Entanglement entropy and algebraic holography
Abstract
In 2006, Ryu and Takayanagi (RT) pointed out that (with a suitable cutoff) the entanglement entropy between two complementary regions of an equaltime surface of a d+1dimensional conformal field theory on the conformal boundary of AdS_{d+2} is, when the AdS radius is appropriately related to the parameters of the CFT, equal to 1/4G times the area of the ddimensional minimal surface in the AdS bulk which has the junction of those complementary regions as its boundary, where G is the bulk Newton constant. We point out here that the RTequality implies that, in the quantum theory on the bulk AdS background which is related to the boundary CFT according to Rehren's 1999 algebraic holography theorem, the entanglement entropy between two complementary bulk Rehren wedges is equal to 1/4G times the (suitably cut off) area of their shared ridge. (This follows because of the geometrical fact that, for complementary ballshaped regions, the RT minimal surface is precisely the shared ridge of the complementary bulk Rehren wedges which correspond, under Rehren's bulkwedge to boundary doublecone bijection, to the complementary boundary doublecones whose bases are the RT complementary balls.) This is consistent with the BianchiMeyers conjecture  that, in a theory of quantum gravity, the entanglement entropy, S, between the degrees of freedom of a given region with those of its complement is S = A/4G (+ lower order terms)  but only if the phrase 'degrees of freedom' is replaced by 'matter degrees of freedom'. It also supports related previous arguments of the author  consistent with the author's 'mattergravity entanglement hypothesis'  that the AdS/CFT correspondence is actually only a bijection between just the matter (i.e. nongravity) sector operators of the bulk and the boundary CFT operators.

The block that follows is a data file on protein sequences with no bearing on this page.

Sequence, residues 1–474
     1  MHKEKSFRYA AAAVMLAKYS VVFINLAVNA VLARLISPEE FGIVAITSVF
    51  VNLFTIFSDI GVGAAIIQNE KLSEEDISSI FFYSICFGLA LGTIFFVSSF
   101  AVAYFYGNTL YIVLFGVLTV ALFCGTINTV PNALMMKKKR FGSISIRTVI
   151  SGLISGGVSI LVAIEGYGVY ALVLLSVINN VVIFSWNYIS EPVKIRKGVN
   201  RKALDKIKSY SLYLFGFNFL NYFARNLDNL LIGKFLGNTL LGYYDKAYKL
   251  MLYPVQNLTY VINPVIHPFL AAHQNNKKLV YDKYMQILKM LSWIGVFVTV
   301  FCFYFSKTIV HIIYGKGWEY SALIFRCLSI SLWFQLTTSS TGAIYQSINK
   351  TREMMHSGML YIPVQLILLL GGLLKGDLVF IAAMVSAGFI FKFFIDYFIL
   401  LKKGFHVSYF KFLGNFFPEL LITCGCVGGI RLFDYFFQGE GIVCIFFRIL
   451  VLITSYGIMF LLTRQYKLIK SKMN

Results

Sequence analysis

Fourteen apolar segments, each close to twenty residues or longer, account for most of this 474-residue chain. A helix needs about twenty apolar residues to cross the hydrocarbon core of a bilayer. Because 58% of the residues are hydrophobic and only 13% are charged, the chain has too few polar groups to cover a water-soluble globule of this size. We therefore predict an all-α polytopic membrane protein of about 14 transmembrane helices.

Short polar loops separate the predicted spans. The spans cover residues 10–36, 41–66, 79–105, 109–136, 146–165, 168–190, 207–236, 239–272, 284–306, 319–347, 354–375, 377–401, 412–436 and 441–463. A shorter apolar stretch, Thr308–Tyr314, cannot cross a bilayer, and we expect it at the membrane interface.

Publication:

arXiv eprints
 Pub Date:
 May 2016
 arXiv:
 arXiv:1605.07872
 Bibcode:
 2016arXiv160507872K
 Keywords:

 High Energy Physics  Theory;
 General Relativity and Quantum Cosmology;
 Mathematical Physics
 EPrint:
 12 pages, 1 figure